EOA sets out series of asks of Government after appointment of new Prime Minister | CEO Blog
Blog from Employee Ownership Association (EOA) CEO James de le Vingne
It’s great to see the end of uncertainty for the leadership of the Conservative Party and the country.
As Liz Truss becomes the new Prime Minister, we will use this change in leadership and ministerial roles to kick-start a national conversation around employee ownership.
Now is a fantastic opportunity for the EOA to articulate what we would like from the Government, as well as demonstrate how we can use our insights and connections to support business resilience in the UK.
As we seek to capitalise on the accelerated growth and impact of the employee ownership sector, we need to anchor our conversation with Westminster.
Employee Ownership is one of the fastest growing parts of the economy. Back in 2019, when we in partnership with Co-operatives UK launched the #1million Owners Campaign, there were fewer than 400 EO businesses – now we’re at more than 1,000.
As the supporting project linked to the campaign – the Ownership Hub – starts to build, our needs for support from the Government have changed. We believe employee ownership creates the opportunity to respond to some of the challenges facing our country right now, especially the cost-of-living crisis, which we know has been exacerbated by extractive business models.
Employee ownership, through offering a stake and a say, offers a different approach than leaders being pitted against workers. The mechanism for employee voice means there is a shared understanding of the imperative to balance the individual and collective needs.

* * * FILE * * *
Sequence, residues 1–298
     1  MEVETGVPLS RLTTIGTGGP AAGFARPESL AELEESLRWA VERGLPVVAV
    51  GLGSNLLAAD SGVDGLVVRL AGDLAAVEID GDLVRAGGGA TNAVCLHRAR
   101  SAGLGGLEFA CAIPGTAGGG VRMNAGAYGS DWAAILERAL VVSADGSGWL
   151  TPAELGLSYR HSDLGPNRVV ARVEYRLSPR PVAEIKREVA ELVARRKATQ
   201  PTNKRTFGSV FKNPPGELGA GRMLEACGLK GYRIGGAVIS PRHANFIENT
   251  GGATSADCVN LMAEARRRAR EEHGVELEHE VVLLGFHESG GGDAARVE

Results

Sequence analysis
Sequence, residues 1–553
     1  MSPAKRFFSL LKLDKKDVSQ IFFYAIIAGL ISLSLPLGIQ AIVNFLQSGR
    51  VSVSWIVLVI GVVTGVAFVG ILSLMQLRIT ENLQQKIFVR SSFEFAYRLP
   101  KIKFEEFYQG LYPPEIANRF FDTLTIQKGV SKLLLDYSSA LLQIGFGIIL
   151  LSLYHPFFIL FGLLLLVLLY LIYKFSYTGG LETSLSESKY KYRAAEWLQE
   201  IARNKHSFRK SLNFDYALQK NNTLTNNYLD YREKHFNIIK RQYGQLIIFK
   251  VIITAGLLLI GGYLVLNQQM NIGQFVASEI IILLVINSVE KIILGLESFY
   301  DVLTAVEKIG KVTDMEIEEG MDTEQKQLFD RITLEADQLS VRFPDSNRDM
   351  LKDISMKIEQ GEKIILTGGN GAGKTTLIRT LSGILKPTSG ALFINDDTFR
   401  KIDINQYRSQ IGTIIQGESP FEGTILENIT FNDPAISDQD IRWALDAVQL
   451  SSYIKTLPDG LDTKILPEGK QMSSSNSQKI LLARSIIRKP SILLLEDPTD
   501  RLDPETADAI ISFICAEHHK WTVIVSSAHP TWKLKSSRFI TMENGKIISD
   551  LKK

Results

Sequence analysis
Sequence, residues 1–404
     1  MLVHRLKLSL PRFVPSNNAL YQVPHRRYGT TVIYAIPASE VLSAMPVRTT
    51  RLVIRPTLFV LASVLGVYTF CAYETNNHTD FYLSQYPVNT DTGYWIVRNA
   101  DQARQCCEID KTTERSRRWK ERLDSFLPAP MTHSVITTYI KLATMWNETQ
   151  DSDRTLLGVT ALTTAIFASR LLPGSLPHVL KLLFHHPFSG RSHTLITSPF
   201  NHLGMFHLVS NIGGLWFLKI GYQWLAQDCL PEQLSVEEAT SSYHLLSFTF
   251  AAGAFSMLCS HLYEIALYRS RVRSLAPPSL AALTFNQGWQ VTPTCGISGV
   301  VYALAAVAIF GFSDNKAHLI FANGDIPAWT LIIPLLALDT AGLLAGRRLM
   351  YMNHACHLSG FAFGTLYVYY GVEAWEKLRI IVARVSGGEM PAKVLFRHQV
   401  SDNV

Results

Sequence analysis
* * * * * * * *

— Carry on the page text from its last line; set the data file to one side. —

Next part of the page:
Not only this, the ability of employee-owned businesses to make decisions and plan to grow sustainably for the longer term is driven by the collective conscience of the business.
Our members tell us that during times of difficulty and uncertainty, employee ownership leaves them in a better position to flex and adapt during challenging times, while also having an eye on the future direction of the business and the needs of all the business’ stakeholders.
There’s a real opportunity in the near future to catalyse change – for the national government in England to build on examples we’ve seen adopted in Scotland, Wales and in the regions with our metro mayors around growing employee ownership.
As well as interventions to grow employee ownership, we need to be able to connect the dots and develop robust evidence that builds on that of the Ownership Dividend report of 2018, something we will be working with the sector and beyond to achieve over the next 18 months.
Here’s where we think we can support Government and how they can support the growth of employee ownership:
An APPG (All-Party Parliamentary Group) on succession
We’ve heard it said that the next five years are critical for 120,000 businesses in relation to succession. Tackling this issue is going to be critical to the stability of our economy.
The Government should be concerned that there are a considerable proportion of family owned or small to medium-sized enterprises that don’t have succession plans with founders or business owners retiring in the next five years.
The EOA wants to be at the centre of a collaborative conversation around succession and the vulnerability of SMEs as we don’t want these businesses to fall off a cliff.
If we and others collaborated with the Government on succession planning, this would leave businesses in general less vulnerable. Without either a leadership or ownership succession plan, businesses face an uncertain future. Early planning gives owners peace of mind as well as financial security for their employees and family.